Protect the children in your life from probable danger by avoiding gifting fireworks or firecrackers, no matter the occasion.
5. Bright Flashlights and Laser Pointers
The light intensity of laser pointers can be damaging to kids’ eyes and even cause permanent vision loss.
Though flashlights aren’t toys, kids love playing with them. When shone directly into a child’s eyes, the bright light can cause temporary blindness, which puts them at risk of getting injured in other ways, like tripping or bumping into things.
How To Choose Eye-Safe Toys
- Try shopping in-store rather than online so you can see what the toy looks like in person.
- Examine the toy closely for any potential factors for eye injury, as outlined above.
- Consult with the child’s parents before giving a gift to be sure they’re okay with the toy you’d like to buy.
- If you’re purchasing sports equipment, make sure to supply the appropriate protective eyewear as well.
- Bear in mind the ages of the other children who may come into contact with the toy.
- Consider the age and maturity of the child you are shopping for. Just because the age recommendation on the box says it’s appropriate, it doesn’t guarantee that it is safe for all children. Take the child’s level of maturity and penchant for risk-taking into account.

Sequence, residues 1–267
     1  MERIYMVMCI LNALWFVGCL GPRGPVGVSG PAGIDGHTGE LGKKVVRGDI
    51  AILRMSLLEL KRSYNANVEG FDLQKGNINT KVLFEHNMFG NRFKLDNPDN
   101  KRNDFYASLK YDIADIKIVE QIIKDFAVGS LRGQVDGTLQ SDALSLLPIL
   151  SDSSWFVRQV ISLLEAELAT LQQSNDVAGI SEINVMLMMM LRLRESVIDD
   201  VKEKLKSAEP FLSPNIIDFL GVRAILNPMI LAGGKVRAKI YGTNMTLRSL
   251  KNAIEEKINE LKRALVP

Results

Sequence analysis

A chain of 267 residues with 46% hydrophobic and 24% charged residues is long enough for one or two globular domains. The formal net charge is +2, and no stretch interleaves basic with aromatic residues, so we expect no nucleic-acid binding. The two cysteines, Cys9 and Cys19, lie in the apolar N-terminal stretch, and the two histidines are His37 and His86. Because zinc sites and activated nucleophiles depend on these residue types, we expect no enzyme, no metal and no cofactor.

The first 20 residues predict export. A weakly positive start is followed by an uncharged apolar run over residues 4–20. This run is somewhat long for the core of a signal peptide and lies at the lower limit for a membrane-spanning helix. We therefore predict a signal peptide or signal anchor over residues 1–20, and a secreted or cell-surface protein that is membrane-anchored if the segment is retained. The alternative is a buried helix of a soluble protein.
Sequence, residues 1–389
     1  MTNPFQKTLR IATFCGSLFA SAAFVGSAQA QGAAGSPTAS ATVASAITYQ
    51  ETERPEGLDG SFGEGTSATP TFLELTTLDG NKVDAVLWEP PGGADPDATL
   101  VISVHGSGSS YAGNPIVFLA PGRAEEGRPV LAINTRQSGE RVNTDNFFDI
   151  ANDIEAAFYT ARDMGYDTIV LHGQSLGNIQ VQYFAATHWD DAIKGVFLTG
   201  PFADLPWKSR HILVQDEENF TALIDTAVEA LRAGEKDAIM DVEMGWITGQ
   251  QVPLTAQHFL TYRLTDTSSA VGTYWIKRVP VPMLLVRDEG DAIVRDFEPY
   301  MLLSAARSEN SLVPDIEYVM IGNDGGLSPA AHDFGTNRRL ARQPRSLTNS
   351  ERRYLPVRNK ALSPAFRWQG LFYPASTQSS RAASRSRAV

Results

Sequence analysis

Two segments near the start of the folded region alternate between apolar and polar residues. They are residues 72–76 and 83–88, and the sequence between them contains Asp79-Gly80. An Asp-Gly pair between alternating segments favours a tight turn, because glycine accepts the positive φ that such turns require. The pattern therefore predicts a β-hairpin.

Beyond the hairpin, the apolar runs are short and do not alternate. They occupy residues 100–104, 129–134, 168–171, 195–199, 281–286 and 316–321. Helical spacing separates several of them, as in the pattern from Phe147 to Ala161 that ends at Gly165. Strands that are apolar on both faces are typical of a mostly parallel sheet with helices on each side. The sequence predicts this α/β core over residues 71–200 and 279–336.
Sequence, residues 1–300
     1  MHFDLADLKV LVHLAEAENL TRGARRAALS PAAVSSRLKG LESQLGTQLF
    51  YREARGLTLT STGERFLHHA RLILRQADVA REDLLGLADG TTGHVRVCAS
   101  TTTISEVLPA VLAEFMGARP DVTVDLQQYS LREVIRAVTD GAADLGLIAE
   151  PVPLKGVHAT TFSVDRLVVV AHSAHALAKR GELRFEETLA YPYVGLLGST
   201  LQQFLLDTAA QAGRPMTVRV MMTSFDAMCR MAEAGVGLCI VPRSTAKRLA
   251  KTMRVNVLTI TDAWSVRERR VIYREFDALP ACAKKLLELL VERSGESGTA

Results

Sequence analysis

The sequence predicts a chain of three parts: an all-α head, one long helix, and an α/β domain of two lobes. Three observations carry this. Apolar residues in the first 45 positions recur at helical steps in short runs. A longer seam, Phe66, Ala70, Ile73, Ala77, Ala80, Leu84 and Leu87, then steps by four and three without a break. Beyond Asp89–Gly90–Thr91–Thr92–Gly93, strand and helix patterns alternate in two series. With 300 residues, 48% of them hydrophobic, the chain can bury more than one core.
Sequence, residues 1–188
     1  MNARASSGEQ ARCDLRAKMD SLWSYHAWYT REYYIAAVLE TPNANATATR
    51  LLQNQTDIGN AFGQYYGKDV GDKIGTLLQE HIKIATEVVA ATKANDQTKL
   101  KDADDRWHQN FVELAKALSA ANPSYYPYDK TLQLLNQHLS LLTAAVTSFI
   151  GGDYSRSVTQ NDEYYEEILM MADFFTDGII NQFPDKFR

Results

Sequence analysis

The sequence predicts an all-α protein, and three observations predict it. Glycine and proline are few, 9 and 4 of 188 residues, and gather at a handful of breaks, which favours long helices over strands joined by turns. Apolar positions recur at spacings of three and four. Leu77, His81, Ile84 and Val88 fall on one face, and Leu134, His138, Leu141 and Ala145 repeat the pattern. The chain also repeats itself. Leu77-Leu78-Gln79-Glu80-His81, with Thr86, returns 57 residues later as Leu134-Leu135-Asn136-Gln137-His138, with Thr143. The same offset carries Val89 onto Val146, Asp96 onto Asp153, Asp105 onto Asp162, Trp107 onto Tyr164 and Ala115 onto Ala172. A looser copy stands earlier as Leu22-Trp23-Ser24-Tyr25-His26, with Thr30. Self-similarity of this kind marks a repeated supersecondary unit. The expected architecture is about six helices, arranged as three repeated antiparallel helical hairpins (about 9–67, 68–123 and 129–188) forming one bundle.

Some eye-safe toys and games for kids include many types of arts and crafts kits, card games, building toys and board games. Arts and crafts projects involving wood, glass or other potentially sharp objects should be used with protective eyewear.
No matter what toy or game you decide to purchase for a child, make sure they are always supervised when playing. The good news is that most pediatric eye injuries are preventable with the correct protective eyewear and supervision, and by choosing low-risk toys and games.
At Eyes of New Mexico Family Optometry and Contact Lenses, we are here to assist with all matters of eye health and care, and wish a safe and healthy holiday season to all of our valued patients!
To schedule an eye exam or to ask any questions about our services, call Eyes of New Mexico Family Optometry and Contact Lenses in Albuquerque today.
Q: What should I do in the event of a toy-related eye injury?
- A: If your child sustains a toy-related eye injury, seek medical attention from your eye doctor, without delay. Do not try to remove an object that’s lodged in the eye, unless you are certain that it's easy to remove, like a piece of dust or eyelash. Instruct your child not to rub their eyes, as rubbing can often worsen the problem. If your eye doctor is unavailable, seek emergency medical care at your nearest urgent care center.
Q: Can a toy-related injury cause corneal abrasion?
- A: Yes. A sharp piece of metal or debris, like a tiny shard of glass, can scratch the cornea—known as corneal abrasion.
A deep abrasion can cause an eye infection or a corneal ulcer, so if your child gets a foreign substance in their eye without successfully flushing it out, contact your eye doctor as soon as possible.